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Human metapneumovirus (MPV) (HMPV)

Last reviewed dd mmm yyyy. Last edited dd mmm yyyy

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Human Metapneumovirus

Human metapneumovirus (MPV) (HMPV)

  • is a respiratory pathogen with worldwide prevalence that produces disease clinically similar to respiratory syncytial virus (RSV)
    • like other members of the Paramyxovirus family, is an enveloped, single-stranded, negative-sense RNA virus
    • is most closely related to avian metapneumovirus type C, the other member of the Metapneumovirus genus, and it is in the Pneumovirinae subfamily with RSV
      • MPV is closely related to avian metapneumovirus subtype C, has circulated for at least 65 years, and nearly every child will be infected with HMPV by the age of 5 (2)

  • is a leading cause of upper and lower respiratory tract infections in children
    • incubation period is believed to be 4 to 9 days
    • shedding occurs for 7 to 14 days
    • virus can remain infectious on fomites for 8 hours, although viral RNA has been isolated from noninfectious particles up to 7 days after inoculation (1)
    • a leading cause of acute respiratory infection, particularly in children, immunocompromised patients, and the elderly (2)
      • children with underlying risk factors including those born prematurely or who have compromised immune systems are at higher risk from MPV (3)
        • as with other viruses, infection may produce incomplete immunity and reinfection can occur at all ages
        • older adults, especially those over 65 or with underlying conditions, can be at particular risk from infection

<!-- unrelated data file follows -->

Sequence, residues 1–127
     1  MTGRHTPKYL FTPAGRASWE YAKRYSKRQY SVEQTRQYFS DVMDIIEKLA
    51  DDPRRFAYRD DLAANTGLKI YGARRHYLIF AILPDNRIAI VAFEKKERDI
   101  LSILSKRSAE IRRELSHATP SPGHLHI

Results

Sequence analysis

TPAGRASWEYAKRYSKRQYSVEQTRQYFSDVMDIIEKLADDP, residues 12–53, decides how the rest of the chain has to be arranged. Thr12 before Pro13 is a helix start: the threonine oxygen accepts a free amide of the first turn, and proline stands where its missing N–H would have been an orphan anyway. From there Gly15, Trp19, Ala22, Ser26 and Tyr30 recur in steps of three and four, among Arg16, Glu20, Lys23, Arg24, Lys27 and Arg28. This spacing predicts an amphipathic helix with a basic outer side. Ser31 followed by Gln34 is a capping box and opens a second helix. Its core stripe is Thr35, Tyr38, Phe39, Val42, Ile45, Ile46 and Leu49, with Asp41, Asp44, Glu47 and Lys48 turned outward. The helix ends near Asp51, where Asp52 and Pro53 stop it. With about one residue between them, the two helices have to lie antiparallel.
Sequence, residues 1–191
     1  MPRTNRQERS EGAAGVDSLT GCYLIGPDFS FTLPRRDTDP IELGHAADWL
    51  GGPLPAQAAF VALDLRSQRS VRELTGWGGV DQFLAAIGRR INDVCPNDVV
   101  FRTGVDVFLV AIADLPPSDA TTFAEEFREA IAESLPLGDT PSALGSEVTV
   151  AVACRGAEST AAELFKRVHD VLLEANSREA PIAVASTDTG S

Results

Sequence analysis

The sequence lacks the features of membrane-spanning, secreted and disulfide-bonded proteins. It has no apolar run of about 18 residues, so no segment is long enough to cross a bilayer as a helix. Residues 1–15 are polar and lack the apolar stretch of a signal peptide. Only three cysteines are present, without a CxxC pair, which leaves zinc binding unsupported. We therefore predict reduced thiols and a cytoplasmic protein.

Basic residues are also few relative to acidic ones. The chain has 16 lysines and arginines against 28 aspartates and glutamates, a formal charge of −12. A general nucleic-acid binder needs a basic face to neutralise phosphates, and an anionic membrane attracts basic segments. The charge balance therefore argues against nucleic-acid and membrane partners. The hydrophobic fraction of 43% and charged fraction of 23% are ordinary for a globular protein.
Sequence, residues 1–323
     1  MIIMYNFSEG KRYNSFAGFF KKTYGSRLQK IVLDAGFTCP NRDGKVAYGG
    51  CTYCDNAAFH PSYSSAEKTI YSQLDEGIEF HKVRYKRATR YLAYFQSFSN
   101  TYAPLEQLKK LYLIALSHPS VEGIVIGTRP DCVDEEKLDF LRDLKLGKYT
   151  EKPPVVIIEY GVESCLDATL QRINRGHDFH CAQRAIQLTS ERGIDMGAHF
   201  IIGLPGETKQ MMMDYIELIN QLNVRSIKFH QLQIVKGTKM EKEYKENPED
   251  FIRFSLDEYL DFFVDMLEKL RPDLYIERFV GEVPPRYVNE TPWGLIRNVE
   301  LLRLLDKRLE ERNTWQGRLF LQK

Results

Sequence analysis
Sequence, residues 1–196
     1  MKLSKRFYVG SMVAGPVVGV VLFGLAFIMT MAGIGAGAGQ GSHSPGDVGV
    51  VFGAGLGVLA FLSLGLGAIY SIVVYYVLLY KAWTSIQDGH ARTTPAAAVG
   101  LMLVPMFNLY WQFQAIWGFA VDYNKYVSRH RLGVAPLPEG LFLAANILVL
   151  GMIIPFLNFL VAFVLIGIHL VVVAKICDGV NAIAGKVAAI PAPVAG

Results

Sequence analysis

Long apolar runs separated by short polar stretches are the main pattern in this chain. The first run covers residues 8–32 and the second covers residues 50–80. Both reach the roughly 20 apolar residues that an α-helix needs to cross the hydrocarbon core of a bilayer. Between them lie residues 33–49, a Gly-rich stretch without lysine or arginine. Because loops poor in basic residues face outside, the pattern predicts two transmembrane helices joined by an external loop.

• clinical features of MPV-associated disease are similar to those of RSV
    • MPV is an important cause of asthma exacerbations, bronchiolitis, and pneumonia
    • smptoms can include cough, rhinorrhea, sore throat, and fever as well as lower respiratory tract symptoms such as wheezing, difficulty breathing, and hypoxia (2)
    • bacterial superinfection can occur
    • clinical diagnoses most commonly associated with HMPV are bronchiolitis and pneumonia (2)

  • mean age of infection is 6 to 12 months, and nearly all school-age children are seropositive (1)
    • however, infection can recur, likely in part due to impaired CD8+ T-cell response
    • is thought to spread through direct or close contact with infected individuals or objects (fomites) (2)

  • preferred method for diagnosis is reverse transcription-polymerase chain reaction as HMPV is difficult to culture (2)

  • morbidity and mortality are the highest in patients who are premature, are immunosuppressed, or have underlying cardiopulmonary abnormalities (1)


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